You might find that you need to change your HIV treatment at some point. If this happens, your doctor will explain the reasons for this and discuss your treatment options with you.
There may be a problem with the drugs you’re currently on if:
In these circumstances, there is probably a better combination available – in other words, one that will suit you better and give you better results. Your doctor will know the best alternative combination for your situation.
Now more than ever, it is essential that you talk honestly with your doctor about any problems you’ve had with taking your drugs at the right time. If your doctor understands your lifestyle, it’ll be easier to choose a combination that is not too difficult to take.
Don't be worried about being frank with your doctor - they will not be shocked by, or judgemental about, anything you tell them - whether it's about using recreational drugs or the type of sex you're having. The more honest you are, the easier it will be for them to prescribe you the right combination.
If you have developed resistance to your antiretrovirals, your doctor will need to look at your treatment history and the results of a test for drug resistance to decide the most suitable combination of drugs for you to take.
There are now a number of anti-HIV drugs that work against virus that is resistant to other drugs.
The recommended options for people who are resistant to the three main classes of drugs - NRTIs, NNRTIs and protease inhibitors - are as follows:
These drugs are most effective when used in combination with another drug which is active against HIV. You doctor will look at your previous drug history and do a resistance test to find out which would work best for you.
If you are resistant to only one class of drugs, the options may be slightly different and your doctor will advise you.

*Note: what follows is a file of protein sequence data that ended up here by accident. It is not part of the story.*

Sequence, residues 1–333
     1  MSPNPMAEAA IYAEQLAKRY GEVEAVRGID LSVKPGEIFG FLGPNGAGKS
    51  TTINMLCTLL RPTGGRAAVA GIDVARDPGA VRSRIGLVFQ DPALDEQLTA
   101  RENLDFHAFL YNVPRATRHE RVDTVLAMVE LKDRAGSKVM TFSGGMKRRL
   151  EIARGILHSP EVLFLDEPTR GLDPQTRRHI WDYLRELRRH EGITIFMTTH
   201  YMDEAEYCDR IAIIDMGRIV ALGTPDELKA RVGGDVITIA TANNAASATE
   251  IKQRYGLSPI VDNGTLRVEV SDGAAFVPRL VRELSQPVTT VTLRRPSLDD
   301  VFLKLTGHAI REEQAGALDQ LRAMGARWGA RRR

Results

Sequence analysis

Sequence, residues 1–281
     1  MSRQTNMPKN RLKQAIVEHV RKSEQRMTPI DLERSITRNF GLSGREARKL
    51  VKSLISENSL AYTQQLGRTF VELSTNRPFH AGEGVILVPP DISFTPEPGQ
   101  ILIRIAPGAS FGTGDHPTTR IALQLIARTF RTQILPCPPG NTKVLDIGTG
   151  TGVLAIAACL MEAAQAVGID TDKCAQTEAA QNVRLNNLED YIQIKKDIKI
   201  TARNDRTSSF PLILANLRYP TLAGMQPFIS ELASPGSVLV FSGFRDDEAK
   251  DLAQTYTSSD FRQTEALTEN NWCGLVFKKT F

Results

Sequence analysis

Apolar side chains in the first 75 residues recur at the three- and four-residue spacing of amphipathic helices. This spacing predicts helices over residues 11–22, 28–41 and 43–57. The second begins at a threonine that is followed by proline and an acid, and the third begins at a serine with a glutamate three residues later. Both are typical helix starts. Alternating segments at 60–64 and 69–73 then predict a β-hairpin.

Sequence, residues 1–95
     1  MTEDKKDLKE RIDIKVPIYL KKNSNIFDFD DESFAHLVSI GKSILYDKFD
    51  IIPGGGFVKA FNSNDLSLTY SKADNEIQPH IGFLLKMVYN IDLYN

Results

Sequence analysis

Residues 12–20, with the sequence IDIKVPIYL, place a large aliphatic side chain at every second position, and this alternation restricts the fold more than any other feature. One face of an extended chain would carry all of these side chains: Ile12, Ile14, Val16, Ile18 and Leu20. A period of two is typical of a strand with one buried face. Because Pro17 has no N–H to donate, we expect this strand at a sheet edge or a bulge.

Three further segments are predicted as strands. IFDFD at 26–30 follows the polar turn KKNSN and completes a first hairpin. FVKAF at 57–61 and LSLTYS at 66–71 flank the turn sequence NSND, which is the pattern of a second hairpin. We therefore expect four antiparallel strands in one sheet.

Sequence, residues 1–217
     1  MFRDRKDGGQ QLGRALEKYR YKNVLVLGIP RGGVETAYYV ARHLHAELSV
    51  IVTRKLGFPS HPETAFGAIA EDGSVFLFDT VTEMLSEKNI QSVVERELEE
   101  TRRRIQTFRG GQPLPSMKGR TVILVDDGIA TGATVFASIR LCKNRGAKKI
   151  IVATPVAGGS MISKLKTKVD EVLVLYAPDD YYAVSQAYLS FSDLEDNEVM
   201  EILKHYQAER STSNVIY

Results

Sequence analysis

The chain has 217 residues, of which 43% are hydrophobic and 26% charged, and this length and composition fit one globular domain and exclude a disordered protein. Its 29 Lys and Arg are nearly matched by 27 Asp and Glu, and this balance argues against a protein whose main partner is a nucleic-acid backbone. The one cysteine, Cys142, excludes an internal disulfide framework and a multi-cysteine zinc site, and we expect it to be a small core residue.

Next: Interactions of HIV treatment with other drugs ››
‹‹ Back to: Resistance to HIV drugs
(3 votes cast)
Please log in
or register to vote.
to add this article to My favourites.
Adding an article to My favourites will allow you to easily come back to it later or print it.
This article was last reviewed on
by Anna Peters
Date due for the next review: 20/11/2018
Content Author: Kerri Virani
Current Owner: Kerri Virani
Anti-HIV drugs, Edited by Greta Hughson, NAM, Aidsmap, 2014
BHIVA guidelines for the treatment of HIV-1-positive adults with antiretroviral therapy 2015, Writing Group: Duncan Churchill Chair Laura Waters Vice Chair
N Ahmed, B Angus, M Boffito, M Bower, D Dunn, S Edwards, C Emerson, S Fidler, †M Fisher, R Horne, S Khoo, C Leen, N Mackie, N Marshall, F Monteiro, M Nelson, C Orkin, A Palfreeman, S Pett, A Phillips, F Post, A Pozniak, I Reeves, C Sabin, R Trevelion, J Walsh, E Wilkins, I Williams, A Winston
No one with an undetectable viral load, gay or heterosexual, transmits HIV in first two years of PARTNER study, NAM, Aidsmap, Gus Cairns, 4/3/14
START trial finds that early treatment improves outcomes for people with HIV, NAM, Aidsmap, Gus Cairns, 27/5/15
New British guidelines recommend treatment for everyone living with HIV, NAM, Aidsmap, Keith Alcorn, 24/6/15
START trial provides definitive evidence of the benefits of early HIV treatment, NAM, Aidsmap, Liz Highleyman, Produced in collaboration with hivandhepatitis.com, 21/7/15
Various people talk about their experiences of living with HIV.
CAB - Citizens Advice Bureau
HIV Drug Interactions
George House Trust
Equality and Human Rights Commission
Copyright 2018 © Terrence Higgins Trust is a registered charity in England and Wales (reg. no. 288527)
Company reg. no. 1778149 and a registered charity in Scotland (reg. no. SC039986). Registered office: 314-320 Gray's Inn Road, London, WC1X 8DP.